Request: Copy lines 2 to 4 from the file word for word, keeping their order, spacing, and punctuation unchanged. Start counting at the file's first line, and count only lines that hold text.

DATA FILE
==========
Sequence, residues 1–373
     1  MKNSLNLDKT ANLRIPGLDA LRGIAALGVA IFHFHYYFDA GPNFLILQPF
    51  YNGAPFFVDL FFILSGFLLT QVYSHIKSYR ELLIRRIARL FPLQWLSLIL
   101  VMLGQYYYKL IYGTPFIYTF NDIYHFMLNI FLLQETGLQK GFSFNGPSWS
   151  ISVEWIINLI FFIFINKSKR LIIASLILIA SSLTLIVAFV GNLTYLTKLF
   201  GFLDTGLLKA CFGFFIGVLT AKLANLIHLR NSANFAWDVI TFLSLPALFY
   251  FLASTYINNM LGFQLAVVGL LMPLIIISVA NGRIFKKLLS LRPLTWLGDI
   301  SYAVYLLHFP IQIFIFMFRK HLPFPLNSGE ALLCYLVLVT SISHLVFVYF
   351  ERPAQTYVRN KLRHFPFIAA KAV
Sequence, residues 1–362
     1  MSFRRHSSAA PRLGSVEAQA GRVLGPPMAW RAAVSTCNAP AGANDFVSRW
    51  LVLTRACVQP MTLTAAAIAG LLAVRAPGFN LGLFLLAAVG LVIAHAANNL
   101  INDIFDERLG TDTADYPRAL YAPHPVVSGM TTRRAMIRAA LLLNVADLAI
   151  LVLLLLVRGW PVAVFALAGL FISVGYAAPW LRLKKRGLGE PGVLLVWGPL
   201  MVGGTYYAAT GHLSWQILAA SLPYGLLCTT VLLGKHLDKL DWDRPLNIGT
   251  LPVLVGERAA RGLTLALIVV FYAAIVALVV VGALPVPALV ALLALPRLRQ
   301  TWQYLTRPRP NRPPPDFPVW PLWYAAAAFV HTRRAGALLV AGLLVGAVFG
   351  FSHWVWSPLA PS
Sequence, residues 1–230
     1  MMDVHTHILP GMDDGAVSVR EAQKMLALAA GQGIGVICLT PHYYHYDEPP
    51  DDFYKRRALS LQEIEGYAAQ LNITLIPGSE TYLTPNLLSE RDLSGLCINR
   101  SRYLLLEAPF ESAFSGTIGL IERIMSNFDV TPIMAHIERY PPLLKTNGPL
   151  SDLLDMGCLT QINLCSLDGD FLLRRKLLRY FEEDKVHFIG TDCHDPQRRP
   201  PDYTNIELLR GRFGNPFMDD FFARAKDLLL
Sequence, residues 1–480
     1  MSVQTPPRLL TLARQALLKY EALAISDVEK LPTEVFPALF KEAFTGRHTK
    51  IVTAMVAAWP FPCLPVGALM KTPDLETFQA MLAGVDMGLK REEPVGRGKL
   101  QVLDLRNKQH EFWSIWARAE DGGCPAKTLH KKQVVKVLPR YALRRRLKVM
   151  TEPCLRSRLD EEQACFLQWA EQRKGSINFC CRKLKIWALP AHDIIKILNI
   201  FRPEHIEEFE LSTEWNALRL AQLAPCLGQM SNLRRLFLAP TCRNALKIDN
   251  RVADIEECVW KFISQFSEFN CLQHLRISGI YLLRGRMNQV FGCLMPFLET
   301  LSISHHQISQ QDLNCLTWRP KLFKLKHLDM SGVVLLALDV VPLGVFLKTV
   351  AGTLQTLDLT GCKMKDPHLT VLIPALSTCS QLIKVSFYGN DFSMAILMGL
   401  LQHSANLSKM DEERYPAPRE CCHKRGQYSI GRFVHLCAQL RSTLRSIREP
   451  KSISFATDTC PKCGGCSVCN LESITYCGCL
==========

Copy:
     1  MKNSLNLDKT ANLRIPGLDA LRGIAALGVA IFHFHYYFDA GPNFLILQPF
    51  YNGAPFFVDL FFILSGFLLT QVYSHIKSYR ELLIRRIARL FPLQWLSLIL
   101  VMLGQYYYKL IYGTPFIYTF NDIYHFMLNI FLLQETGLQK GFSFNGPSWS